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Your code is pretty well written, however as always there are things we can change, and other things that are good that I would like to point out.

Positives:

  • You used a method. Dividing and conquering(although it seems small) is very important for shortening and simplifying code. It also prevents bugs.
  • Your code is easy to read

Things to fix:

  • It isn't good to give variables meaningless names. give them names like line rather than a, or num rather than n.
  • You indented 8 spaces after your printNumber method, rather than the usual suggested(and advised) 4 spaces.
  • Instead of doing return printNumber(n, a), simply call the method again, using printNumber(n, a). This makes the program just loop within that method.

If I were just to clean up your code and shorten it when applicable it would look like this:

public class JavaApplication2 {
    public static void main(String[] args) {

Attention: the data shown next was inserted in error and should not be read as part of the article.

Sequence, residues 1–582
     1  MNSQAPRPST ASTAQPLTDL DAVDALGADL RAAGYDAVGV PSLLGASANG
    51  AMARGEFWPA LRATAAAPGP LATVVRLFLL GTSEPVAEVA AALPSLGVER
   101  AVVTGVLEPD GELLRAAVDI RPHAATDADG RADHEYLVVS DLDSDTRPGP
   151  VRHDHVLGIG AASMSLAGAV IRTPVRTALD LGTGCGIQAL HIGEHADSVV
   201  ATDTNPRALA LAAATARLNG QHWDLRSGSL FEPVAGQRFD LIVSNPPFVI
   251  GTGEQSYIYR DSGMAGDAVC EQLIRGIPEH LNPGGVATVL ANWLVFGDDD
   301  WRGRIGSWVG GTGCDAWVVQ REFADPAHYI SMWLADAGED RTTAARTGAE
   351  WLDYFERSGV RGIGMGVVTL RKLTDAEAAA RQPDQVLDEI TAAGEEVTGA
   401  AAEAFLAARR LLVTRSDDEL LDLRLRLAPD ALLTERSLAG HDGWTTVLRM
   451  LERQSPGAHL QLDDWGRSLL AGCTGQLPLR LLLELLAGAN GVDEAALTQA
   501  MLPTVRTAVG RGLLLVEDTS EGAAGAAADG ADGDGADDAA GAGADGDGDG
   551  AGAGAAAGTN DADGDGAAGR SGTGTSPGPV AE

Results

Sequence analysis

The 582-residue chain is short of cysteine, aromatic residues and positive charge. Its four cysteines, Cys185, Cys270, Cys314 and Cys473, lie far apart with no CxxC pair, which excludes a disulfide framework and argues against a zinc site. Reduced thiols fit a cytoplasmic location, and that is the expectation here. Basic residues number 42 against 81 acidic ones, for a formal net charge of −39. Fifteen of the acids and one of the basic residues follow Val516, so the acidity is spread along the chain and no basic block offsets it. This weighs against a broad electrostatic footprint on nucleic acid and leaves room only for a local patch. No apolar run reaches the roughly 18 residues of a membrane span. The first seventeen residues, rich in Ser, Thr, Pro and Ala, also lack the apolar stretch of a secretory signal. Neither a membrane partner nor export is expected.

Scanner scan = new Scanner(System.in);
        int highestNum = scan.nextInt();        
        countDown(highestNum);
        scan.close();
    }

    static int countDown(int highNum) {
        int length = highNum;
        if(length != 0) {   
            for(int i = length; i > 0; i--) {
                System.out.print(i);
            }
            System.out.println();
            highNum--;
            countDown(highNum);
        }
        return 0;
    }  
}

Main changes to your code:

  1. Made your main part the if, rather than the else. This removed the need for an else completely. It keeps looping until line is 0.

  2. Simplified and shortened(a lot).

  3. Changed names of method and variables.


There are many other simple ways to get the same output. Here's a very simple one using a for loop:

public class JavaApplication2 {
    public static void main(String[] args) {
        Scanner scan = new Scanner(System.in);
        int num = scan.nextInt();        
        countDown(num);
        scan.close();
    }
    static int countDown(int num) {
        for(int i = num; i > 0; i--){
            System.out.print(i);
        }
        num--;
        System.out.println();
        if(num != 0) {
            countDown(num);
        }
        return 0;
    }  
}

This program prints the countdown until it is 0, then it starts a new line, decreases num by one, and repeats.